Reid said the 15 projects will bring investment in new National Health Service (NHS) hospitals to more than 16 billion since 1997. He said the NHS is "well on course to meet the NHS Plan target of 100 new hospital schemes open to patients by 2010," with more than 40 already built and operational. "The NHS is in the middle of the biggest hospital building program in its history," he said. "After years of under-investment, the infrastructure of the NHS is at last being modernized and made fit for the 21st century." Reid added: "I look forward to seeing further progress on these ... and all of the other hospital building projects that are under way, and particularly to seeing the benefits they will bring to their local communities."
U.S. CRO collaborates with Dutch firm
Alquest (Minneapolis), a contract research organization (CRO) specializing in medical devices, combination products and biologics, has entered into a collaborative partnership with MediTech Strategic Consultants (Vaals, the Netherlands). The latter firm is a medical device CRO serving European markets through offices in the Netherlands, Paris and Dublin, with associates in Germany, Italy and the UK.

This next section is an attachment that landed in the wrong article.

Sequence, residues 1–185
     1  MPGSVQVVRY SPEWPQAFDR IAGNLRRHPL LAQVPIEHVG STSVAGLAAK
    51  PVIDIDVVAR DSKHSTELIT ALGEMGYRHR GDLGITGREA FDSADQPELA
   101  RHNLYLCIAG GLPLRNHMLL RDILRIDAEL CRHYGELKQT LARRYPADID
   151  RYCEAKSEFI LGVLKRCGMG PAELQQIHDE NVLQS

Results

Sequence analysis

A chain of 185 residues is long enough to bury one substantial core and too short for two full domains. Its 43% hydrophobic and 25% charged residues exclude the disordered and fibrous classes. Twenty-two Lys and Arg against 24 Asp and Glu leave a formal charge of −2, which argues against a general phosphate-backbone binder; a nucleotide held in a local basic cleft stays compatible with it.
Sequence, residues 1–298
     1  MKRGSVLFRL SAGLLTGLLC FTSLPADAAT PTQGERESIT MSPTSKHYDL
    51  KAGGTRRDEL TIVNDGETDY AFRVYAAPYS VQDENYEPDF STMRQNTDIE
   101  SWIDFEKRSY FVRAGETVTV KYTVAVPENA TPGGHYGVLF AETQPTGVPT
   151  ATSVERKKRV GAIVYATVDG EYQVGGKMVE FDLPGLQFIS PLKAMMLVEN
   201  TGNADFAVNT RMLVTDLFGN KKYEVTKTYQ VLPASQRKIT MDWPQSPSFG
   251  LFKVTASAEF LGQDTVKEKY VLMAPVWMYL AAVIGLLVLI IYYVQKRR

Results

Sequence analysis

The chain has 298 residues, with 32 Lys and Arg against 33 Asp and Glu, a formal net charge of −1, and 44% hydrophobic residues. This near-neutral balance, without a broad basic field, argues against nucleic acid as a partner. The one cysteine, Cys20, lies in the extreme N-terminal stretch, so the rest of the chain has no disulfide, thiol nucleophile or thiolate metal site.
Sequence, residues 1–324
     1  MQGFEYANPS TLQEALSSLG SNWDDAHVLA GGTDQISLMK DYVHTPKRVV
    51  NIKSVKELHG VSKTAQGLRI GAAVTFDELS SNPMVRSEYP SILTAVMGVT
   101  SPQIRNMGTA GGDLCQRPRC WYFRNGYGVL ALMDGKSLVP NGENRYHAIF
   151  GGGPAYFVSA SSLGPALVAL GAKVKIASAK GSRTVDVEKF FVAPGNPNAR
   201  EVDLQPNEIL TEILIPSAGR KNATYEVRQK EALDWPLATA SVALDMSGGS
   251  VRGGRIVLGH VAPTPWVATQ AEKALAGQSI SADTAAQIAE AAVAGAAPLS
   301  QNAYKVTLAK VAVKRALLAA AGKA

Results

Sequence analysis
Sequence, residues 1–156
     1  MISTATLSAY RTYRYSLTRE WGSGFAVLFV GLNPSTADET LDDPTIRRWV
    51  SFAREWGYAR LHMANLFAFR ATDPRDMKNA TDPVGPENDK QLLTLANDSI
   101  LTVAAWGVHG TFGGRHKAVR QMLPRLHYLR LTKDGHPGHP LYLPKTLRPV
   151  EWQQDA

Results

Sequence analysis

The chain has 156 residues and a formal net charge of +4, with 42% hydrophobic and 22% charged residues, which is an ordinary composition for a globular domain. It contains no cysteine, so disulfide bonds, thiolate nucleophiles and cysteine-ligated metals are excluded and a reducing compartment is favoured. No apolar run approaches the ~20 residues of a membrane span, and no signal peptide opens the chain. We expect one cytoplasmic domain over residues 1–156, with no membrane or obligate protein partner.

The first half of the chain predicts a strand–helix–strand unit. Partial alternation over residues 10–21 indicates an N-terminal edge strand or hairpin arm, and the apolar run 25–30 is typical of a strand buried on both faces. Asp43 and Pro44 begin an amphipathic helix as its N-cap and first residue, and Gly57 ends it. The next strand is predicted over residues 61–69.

"The Alquest-MediTech partnership, coupled with our new California office [just opened in Los Altos, California], provides clients a one-stop national and international resource to execute clinical trials," said Linda Alexander, president of Alquest. She added, "The combination of each partner's extensive therapeutic and market knowledge will expedite product introductions for American clients expanding into Europe and for European firms entering the U.S."